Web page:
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Morning Brief

Lockdown loosens, new judge for Beirut blast probe, Bassil slams Hariri: Everything you need to know this Monday

Here’s what happened over the weekend and what to expect today, Monday, February 22, and this week

Lockdown loosens, new judge for Beirut blast probe, Bassil slams Hariri: Everything you need to know this Monday

Lebanon received its second batch of Pfizer-BioNTech COVID-19 vaccines on Saturday, when 31,500 doses arrived in Beirut. (Credit: Marc Fayad)

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Lebanon today enters the second phase of a gradual reopening from its 39-day old COVID-19 lockdown. The round-the-clock curfew will remain in place for at least the next two weeks, with citizens required to seek exemptions through the state’s travel permission app. Dry cleaners, florists, travel agencies, car repair shops and dealerships, and construction sites will now be allowed to resume work, joining banks and supermarkets which were given the green light in the first phase. Ninety-three people died from the virus over the weekend, while hospital ICUs were at 87.26 percent capacity — as of the latest figures from Friday — with intensive care hospitalizations ticking up in the last two days. Meanwhile, Lebanon received its second batch of Pfizer-BioNTech COVID-19 vaccines on Saturday, when 31,500 doses arrived in Beirut.

A new judge has taken on the mantle of the probe into the Aug. 4 Beirut port explosion after his predecessor was controversially removed as lead investigator. Judge Tarek Bitar, the 46-year-old head of a Beirut criminal court, began reviewing the case Saturday morning after his appointment the night before. Legal Agenda executive director Nizar Saghieh expressed skepticism that Bitar, while a qualified judge, would be able to pursue his investigation without political interference. Fadi Sawwan was removed as lead investigator on Thursday, sparking protests outside the Justice Palace in Beirut by relatives of victims of the devastating explosion. Activists have called for renewed demonstrations today at 11 a.m. outside the judiciary before moving to the nearby Military Tribunal at 12:30 p.m. to protest the continued detention of protesters arrested last month in Tripoli.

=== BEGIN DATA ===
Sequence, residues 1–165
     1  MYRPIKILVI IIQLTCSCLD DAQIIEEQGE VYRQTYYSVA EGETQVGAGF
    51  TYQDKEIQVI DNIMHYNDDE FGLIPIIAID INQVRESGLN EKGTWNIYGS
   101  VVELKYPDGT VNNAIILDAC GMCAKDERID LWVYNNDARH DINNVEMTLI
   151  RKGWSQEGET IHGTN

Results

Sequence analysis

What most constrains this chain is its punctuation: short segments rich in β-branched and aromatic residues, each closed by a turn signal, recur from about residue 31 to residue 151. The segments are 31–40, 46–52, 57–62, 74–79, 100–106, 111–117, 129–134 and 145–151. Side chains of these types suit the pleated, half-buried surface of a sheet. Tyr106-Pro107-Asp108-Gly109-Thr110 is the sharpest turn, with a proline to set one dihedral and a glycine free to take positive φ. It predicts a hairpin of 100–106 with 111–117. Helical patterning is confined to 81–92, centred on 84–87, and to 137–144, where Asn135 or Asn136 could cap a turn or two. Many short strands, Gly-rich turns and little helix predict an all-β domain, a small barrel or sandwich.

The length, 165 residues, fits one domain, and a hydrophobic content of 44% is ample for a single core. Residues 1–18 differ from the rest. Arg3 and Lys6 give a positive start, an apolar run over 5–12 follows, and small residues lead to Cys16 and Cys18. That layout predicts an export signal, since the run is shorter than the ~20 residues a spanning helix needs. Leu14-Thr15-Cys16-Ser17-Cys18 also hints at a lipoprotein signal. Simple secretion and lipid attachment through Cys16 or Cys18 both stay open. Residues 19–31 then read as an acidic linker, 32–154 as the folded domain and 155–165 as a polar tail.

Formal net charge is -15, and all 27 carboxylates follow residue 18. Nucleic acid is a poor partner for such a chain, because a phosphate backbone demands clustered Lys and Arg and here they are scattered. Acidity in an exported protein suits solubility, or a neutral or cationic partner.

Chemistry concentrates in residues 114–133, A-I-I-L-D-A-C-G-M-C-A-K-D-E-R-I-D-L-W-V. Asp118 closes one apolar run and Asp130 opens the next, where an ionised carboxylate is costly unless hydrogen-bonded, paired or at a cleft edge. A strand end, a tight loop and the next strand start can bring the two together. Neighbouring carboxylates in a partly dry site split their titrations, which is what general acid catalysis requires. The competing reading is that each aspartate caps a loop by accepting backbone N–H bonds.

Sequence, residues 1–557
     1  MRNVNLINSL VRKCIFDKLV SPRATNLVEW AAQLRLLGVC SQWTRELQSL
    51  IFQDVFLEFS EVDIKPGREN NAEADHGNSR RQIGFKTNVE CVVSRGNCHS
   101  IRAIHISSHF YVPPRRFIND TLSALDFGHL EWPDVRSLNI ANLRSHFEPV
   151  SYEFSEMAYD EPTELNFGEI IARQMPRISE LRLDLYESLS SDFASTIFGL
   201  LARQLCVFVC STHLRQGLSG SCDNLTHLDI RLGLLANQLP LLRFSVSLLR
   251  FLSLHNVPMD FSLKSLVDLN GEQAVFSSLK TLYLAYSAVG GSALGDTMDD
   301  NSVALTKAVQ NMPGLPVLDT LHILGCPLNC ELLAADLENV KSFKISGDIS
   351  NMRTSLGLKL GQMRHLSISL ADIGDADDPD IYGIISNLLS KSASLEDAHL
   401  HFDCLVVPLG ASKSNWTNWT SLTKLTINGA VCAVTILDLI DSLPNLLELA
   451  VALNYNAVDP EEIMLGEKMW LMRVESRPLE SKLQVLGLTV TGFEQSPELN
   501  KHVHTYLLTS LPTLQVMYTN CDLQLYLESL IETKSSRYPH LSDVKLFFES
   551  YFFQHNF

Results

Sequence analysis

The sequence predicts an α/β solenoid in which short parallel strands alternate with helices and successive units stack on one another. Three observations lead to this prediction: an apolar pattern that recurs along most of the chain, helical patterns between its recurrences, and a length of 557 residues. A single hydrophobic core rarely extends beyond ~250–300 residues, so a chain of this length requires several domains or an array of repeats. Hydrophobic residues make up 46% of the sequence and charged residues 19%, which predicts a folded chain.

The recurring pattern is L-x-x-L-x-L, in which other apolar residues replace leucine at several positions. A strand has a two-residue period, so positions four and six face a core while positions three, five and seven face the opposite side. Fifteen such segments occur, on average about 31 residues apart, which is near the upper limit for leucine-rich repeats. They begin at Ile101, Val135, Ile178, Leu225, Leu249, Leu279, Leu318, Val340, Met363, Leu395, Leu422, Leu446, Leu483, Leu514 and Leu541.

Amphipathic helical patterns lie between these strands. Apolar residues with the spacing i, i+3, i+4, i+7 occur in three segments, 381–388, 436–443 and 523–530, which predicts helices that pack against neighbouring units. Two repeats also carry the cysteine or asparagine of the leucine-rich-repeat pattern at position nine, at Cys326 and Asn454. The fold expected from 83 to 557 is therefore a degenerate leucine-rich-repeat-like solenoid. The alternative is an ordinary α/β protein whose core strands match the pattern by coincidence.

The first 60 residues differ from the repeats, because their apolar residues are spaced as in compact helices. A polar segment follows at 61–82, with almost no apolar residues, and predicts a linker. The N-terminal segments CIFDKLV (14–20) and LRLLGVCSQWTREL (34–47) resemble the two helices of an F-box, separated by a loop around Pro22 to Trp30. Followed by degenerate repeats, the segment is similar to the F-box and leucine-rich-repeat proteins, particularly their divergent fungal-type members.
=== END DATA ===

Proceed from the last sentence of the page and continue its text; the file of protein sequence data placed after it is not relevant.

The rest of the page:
Gebran Bassil renewed his feud with Saad Hariri, blaming the premier-designate for the lack of progress in the government formation. The Free Patriotic Movement leader denied in a speech yesterday that his party, along with the president, is seeking a “blocking third” — or effective veto power — in the government. Bassil claimed that the names they have proposed are independent candidates who do not owe allegiance to the FPM. He accused Hariri of failing to implement a “set of unified conditions” by purportedly naming Sunni ministers and allowing Hezbollah, Amal and the Progressive Socialist Party to propose cabinet members. Hariri’s Future Movement fired back Sunday, accusing Bassil of “living in Lala Land” and being in “denial of the changes that arose” from the Oct. 17, 2019 popular protests against the ruling elite.

Lebanon’s local currency was trading at LL9,400 to the dollar as of Sunday evening, following a sharp depreciation days earlier. For the first time since July, the exchange rate at shops selling dollars breached the LL9,000 level on Wednesday, before falling as low as LL9,550 the following day. The head of money exchangers syndicate told L’Orient Today that the central bank had stopped injecting dollars into the market in mid-January, following the start of the COVID-19 lockdown. Banque du Liban had provided hard cash to exchangers since June with the aim of stabilizing the exchange rate.

Parliamentary committees discussing the proposed World Bank social safety net program will meet again on Tuesday. The legislature’s committees for finance and social affairs will convene at 10 a.m., after failing to reach an agreement on a draft law last week. The World Bank on Jan. 12 approved a $246 million project with a centerpiece program of direct cash assistance to approximately 147,000 vulnerable families. The loan still requires Parliament’s approval, with MPs last week raising questions over the constitutionality of the draft legislation and the program’s implementation. The draft includes the controversial provision to hand out cash at a below-market rate of LL6,240 to the US dollar.


Want to get the Morning Brief by email? Click here to sign up. Lebanon today enters the second phase of a gradual reopening from its 39-day old COVID-19 lockdown. The round-the-clock curfew will remain in place for at least the next two weeks, with citizens required to seek exemptions through the state’s travel permission app. Dry cleaners, florists, travel agencies, car repair shops and...